Medicare Advantage (also known as Part C) plans are an alternative way to receive benefits under Medicare. These plans are sold by private insurers. If you have a Medicare Advantage plan, you still have Medicare and will still owe a monthly Part B premium.

Each Medicare Advantage Plan must provide all Part A and Part B services covered by Original Medicare, but can do so with different rules, costs and restrictions that can affect how and when you receive care. Medicare Advantage Plans can also provide Part D coverage.

It’s important to understand your Medicare coverage choices and to choose your coverage carefully. How you choose to get your benefits and who you get them from can affect both your out-of-pocket costs and where you can get your care.

For example, in Original Medicare you are covered to go to nearly all doctors and hospitals in the country as long as they take Medicare patients. However, Medicare Advantage Plans usually have network restrictions, meaning that you will be more limited in your access to doctors and hospitals. Medicare Advantage Plans may still be the best option for you as they can also provide additional benefits that Original Medicare does not cover, such as routine vision or dental care.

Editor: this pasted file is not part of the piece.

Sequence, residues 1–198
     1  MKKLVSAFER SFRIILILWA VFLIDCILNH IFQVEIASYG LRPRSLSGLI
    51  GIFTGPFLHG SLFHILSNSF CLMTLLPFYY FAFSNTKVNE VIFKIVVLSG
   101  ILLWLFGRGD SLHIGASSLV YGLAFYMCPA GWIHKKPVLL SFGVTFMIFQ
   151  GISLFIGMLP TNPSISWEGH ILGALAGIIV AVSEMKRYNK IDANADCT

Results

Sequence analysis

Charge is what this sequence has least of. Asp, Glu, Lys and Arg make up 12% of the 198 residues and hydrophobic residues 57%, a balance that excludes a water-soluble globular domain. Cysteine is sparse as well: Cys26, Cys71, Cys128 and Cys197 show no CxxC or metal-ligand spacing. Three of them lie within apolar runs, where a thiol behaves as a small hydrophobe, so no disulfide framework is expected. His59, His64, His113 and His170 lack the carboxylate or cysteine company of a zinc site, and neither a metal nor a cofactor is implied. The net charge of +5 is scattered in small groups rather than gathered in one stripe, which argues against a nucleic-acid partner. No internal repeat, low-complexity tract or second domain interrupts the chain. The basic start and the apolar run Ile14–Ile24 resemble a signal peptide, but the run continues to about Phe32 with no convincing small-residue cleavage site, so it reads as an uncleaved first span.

What About Part D Prescription Drug Plans?

Medicare drug plans cover generic and brand-name drugs. All plans must meet a standard level of coverage set by Medicare. This means they must all cover the same categories of drugs, but plans can choose which specific drugs are covered in each drug category.

Plans can change from year to year, new plans become available, and the drugs that you are taking can change, so one of the most important things to do is stay up to date on your prescription drug plan. Each year during Medicare open enrollment (October 15th – December 7th), you can change your drug plan. Your pharmacist will be able to evaluate the best plan for you based on the drugs that you are currently taking.

Copays, tiered pricing and various restrictions can cause the price of drugs to vary from plan to plan. It’s important to research your coverage options thoroughly to find the plan that best fits your needs.

Where Can I Get More Answers to My Questions About Signing Up for Medicare?

Medicare is a complicated healthcare system, and finding the right plan depends on many factors, like your prescriptions, physician preferences and finances.

Warren Averett Asset Management can help you make sense of it all. If you’re getting ready to sign up for Medicare and have questions, ask an advisor to reach out to you to start the conversation and walk through your options with you.

 

 

Disclosure: You should not assume that any information provided serves as the receipt of, or as a substitute for, personalized investment advice from Warren Averett. This information should be used as a reference only. Talk to your Warren Averett advisor, or a professional advisor of your choosing, for guidance specific to your situation.